Friday, February 23, 2018
News Roundup

Union backs referendum to disband St. Pete Beach Police Department

ST. PETE BEACH — Switching to the Sheriff's Office for law enforcement has the support of the union that represents the city's police officers.

Last week, 14 members of the Fraternal Order of Police Lodge 43 voted to support a November referendum, that if passed by residents, would give the City Commission the power to disband the 55-year-old Police Department and contract with the sheriff.

"None of the men and women of the St. Pete Beach Police Department want to see the end of the department. However, after much research and investigation, we recognize that this opportunity is mutually beneficial for the city, the citizens and the employees," union representative Sgt. Bruce Johnson said in a news release issued by the Fraternal Order of Police.

Johnson said Pinellas County Sheriff Bob Gualtieri "assured us" that all qualified department employees, both officers and civilians, "will be given employment with his agency."

He also noted that the Sheriff's Office will provide better training, equipment and criminal investigations than are possible with the local department.

The police officers' vote to support the switch was not unanimous, with nine members opposed to the change and three members not voting, according to St. Pete Beach police Sgt. Christopher M. Centofanti.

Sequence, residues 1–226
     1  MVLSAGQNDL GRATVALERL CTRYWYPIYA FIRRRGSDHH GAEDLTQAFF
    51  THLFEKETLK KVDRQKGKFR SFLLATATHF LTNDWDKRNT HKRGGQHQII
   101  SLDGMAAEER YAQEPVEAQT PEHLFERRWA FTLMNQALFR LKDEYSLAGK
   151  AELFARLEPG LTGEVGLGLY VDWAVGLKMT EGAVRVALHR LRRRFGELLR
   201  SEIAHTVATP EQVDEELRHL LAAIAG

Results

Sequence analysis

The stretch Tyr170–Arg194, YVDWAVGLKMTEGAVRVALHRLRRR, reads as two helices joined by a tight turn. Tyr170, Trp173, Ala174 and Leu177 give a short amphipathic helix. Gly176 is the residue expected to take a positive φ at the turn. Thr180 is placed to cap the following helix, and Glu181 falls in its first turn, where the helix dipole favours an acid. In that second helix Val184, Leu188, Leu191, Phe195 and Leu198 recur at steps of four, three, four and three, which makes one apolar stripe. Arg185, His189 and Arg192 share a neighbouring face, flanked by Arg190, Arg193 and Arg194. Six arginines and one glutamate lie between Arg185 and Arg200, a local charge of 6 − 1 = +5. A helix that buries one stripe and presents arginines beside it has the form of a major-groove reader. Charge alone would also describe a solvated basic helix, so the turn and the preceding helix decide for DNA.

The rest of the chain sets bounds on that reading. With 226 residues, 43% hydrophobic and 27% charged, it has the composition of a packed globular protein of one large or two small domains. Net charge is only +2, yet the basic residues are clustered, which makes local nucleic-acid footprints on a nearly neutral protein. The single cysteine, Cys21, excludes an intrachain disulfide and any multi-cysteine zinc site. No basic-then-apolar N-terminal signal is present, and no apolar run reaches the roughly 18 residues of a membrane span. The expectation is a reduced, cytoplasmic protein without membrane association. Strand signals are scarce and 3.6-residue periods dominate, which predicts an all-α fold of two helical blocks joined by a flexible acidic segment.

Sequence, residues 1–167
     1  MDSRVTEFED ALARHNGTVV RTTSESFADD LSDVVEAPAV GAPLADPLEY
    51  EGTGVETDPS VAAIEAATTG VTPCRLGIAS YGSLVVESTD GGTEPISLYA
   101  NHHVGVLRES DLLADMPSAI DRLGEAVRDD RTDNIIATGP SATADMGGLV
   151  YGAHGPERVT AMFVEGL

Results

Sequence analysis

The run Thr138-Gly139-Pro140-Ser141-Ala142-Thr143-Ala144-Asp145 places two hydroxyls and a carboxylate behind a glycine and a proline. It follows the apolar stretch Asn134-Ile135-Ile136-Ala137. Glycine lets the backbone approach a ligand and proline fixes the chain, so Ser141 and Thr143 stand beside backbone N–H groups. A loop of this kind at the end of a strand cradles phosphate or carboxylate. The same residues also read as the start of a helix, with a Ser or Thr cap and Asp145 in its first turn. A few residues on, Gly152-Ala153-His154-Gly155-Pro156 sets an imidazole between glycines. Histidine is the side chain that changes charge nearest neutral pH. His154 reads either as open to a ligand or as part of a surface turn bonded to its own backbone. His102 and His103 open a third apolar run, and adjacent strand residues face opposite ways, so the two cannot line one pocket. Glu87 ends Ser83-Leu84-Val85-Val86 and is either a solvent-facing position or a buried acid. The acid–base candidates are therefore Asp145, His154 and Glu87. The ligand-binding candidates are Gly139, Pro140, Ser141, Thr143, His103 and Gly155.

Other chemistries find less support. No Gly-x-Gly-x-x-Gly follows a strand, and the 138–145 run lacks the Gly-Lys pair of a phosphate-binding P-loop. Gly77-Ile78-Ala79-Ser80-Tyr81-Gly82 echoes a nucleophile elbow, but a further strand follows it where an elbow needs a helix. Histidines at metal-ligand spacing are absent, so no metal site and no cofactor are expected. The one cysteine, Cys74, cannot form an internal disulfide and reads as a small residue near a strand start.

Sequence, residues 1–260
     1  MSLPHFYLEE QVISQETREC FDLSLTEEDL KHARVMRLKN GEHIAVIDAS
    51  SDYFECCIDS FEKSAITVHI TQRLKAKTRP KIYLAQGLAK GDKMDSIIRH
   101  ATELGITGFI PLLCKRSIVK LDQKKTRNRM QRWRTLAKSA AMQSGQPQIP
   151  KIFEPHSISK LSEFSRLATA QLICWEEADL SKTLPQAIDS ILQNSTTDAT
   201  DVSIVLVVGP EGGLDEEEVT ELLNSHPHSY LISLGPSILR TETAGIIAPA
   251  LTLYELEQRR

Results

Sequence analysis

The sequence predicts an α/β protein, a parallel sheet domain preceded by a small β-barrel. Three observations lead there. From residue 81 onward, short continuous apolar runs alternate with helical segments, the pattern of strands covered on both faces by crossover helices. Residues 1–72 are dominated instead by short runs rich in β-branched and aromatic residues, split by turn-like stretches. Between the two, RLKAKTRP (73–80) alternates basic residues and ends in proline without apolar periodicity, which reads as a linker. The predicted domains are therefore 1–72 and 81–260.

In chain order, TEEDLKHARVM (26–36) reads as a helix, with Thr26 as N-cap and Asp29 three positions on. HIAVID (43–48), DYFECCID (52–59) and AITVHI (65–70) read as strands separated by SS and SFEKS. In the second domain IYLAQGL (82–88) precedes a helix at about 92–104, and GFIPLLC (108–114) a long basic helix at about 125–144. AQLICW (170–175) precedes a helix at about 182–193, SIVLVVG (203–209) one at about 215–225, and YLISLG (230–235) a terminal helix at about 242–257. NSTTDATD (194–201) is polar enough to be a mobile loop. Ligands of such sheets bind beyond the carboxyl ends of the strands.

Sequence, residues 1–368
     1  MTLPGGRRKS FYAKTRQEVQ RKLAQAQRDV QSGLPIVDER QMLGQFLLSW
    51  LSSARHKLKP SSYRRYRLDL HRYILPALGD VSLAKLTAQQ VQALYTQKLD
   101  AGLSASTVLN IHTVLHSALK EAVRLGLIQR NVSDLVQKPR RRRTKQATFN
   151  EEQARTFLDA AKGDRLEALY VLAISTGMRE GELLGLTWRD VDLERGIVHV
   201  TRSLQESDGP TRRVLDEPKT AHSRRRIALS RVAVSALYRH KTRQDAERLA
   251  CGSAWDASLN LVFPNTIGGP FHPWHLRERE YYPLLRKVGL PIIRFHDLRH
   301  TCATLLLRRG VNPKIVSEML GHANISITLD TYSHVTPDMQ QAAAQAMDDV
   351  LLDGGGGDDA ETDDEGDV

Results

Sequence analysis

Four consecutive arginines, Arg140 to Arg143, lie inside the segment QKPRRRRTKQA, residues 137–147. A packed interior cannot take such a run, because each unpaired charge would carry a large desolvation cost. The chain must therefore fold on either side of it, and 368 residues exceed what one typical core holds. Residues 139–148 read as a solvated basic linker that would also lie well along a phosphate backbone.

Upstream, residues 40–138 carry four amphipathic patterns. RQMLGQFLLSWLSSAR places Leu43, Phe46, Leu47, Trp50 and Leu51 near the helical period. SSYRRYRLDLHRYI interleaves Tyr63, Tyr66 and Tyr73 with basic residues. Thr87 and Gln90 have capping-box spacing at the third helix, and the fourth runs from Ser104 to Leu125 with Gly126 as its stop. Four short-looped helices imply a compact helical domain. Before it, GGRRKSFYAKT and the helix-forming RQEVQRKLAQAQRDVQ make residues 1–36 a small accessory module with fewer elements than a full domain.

"Some of our people are hoping the citizens will not vote to change the city charter, but our younger members are not happy with the recent changes to their pension benefits,'' Centofanti said.

Last month, the City Commission voted to change the retirement plans it offers all employees, including police, to save about $20 million in pension costs.

"If the pension had not been changed, I believe in my heart that the vote would have been much different," said Centofanti, who today completes 20 years of service with the department.

Centofanti said a meeting between Gualtieri and the union members reassured many about their career potential with the Sheriff's Office.

Whoever decides to transfer to the Sheriff's Office must go through an orientation and retraining period before being eligible for assignment back to St. Pete Beach.

If the switch is made, the city will decide how many deputies it wants patrolling the streets and what extra services will be provided — handling traffic and accidents, enforcing noise ordinances, investigating burglaries, domestic abuse and other violent crimes, and so forth.

All of the Sheriff's Office special investigations units would be available to the city, including SWAT, marine and canine patrols, Gualtieri said.

If the Police Department is closed, the annual operational costs will be reduced by about $2.5 million, the difference between the police budget and the cost to contract with the Sheriff's Office.

The current police budget is $4.56 million.

In May, City Manager Mike Bonfield told the commission that if the department were closed, the city could save additional money if it moved its offices from City Hall on Corey Avenue to the police building at 200 76th Ave.

The police building opened in 1995 and would provide more and less costly space for city operations, Bonfield said.

The police building's $2.1 million construction cost, paid through a special property tax levy, will be paid off by the end of next year.

City Hall could be "repurposed" for private use as the Corey Avenue area is redeveloped, providing "significant financial relief" to the city, Bonfield said at the time.

The commission has made no decision about that option.

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